One way to solve slow logins with NT-domains

Jeremy Allison jallison at
Thu May 6 17:41:17 GMT 1999

Jani Jaakkola wrote:
> When i was experimenting with the NT-domain code, it turned out to be too
> slow for our environment. We have 2300 users in our /etc/passwd and 200
> groups in our /etc/group. It turned out that samba does hundreds of
> getpwnam() and getpwuid() calls when someone logins to domain, which will
> take time, since Linux glibc-2.0 C-library doesn't have any caching
> for passwords and our passwd file is 160K in size.
> So I wrote a simple cache wrapper around sambas getpwnam() and getpwuid()
> calls. The cache is built the first time when either of them is called and
> is kept around for 15 seconds, after which it will be rebuilt.
> Oh yes.. If you happen to have multiple user names sharing the same uid or
> multiple uids sharing the same user name, the cache will return the last
> one in /etc/passwd instead of the first one. If you think this is a
> promlem, it can be easily fixed.
> I'm including the patch in this email. It is agains the current CVS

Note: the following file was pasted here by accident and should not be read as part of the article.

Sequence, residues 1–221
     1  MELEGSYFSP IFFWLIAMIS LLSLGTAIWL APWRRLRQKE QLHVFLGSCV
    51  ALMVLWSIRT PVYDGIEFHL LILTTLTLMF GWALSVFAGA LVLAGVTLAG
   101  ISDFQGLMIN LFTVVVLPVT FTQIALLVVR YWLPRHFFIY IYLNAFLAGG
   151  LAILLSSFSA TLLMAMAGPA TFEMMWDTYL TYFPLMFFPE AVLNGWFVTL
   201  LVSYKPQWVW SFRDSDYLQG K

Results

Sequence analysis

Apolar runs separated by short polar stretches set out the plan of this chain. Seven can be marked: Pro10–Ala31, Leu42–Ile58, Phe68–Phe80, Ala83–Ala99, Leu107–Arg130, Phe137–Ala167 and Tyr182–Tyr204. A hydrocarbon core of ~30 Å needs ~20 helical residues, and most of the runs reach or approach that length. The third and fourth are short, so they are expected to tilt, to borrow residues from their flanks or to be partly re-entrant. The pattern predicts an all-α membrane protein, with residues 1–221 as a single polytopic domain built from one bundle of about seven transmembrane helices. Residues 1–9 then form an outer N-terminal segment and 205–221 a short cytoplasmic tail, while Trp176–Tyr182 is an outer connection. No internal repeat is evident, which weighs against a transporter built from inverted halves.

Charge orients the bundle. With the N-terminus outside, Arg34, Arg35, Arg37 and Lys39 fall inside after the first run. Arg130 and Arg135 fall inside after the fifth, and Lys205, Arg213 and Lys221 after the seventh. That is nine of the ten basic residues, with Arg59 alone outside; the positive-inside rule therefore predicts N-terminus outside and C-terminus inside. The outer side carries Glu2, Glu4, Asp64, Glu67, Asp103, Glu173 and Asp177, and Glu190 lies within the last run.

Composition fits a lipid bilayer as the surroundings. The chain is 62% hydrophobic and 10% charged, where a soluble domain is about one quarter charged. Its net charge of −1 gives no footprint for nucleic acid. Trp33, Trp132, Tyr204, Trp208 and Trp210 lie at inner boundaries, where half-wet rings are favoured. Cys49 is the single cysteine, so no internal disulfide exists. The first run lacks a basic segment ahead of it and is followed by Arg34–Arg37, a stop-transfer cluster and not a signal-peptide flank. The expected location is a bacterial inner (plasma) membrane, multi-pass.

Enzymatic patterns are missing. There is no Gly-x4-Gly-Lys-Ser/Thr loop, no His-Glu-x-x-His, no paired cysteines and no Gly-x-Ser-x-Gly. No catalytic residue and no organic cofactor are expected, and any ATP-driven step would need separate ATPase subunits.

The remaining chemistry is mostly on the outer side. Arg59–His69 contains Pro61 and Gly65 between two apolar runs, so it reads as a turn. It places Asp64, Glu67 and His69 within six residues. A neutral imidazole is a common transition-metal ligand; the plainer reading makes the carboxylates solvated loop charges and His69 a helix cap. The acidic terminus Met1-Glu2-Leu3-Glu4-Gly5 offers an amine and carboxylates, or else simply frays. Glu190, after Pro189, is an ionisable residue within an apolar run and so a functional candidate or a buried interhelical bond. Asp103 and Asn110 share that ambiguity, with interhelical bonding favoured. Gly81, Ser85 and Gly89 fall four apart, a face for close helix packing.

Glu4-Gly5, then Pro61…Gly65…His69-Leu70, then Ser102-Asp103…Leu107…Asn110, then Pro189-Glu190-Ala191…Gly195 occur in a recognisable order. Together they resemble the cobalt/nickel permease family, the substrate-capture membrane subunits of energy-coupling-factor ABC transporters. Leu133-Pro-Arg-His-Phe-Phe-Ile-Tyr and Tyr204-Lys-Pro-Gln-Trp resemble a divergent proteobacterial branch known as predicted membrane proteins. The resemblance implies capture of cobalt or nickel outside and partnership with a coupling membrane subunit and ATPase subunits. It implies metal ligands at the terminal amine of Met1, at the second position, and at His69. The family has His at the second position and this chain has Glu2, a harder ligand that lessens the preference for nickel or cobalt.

> version (well, current version at least an hour ago).
> I hope no one will get upset, since it is 355 lines. It isn't tested very
> throughly (i just got it ready an hour ago). Anyway, I can log on to NT
> domain in 1 second instead of 15-20 seconds and I won't get the annoying
> slow network dialog :)

I *love* Open Source :-).

This was a bunch of code that I knew I was going to have to write
and now I don't :-).

A couple of comments.

Firstly, a slightly nicer way to do this would be to
change the calls to wrappers around all the
getpwxxx functions.

eg. getpwnam -> sys_getpwnam 

Check lib/system.c for details. We can then replace
all getpwxxx calls to go through the wrappers and
get a more coherent view into the users hash table.

Secondly we should add a hash by uid as well and allow
lookups on both name and uid. Getting fancy we should
also store this table in either a file or shared 
memory and allow it to be shared across smbd's.

Great first hack though !


	Jeremy Allison,
	Samba Team.

Buying an operating system without source is like buying
a self-assembly Space Shuttle with no instructions.

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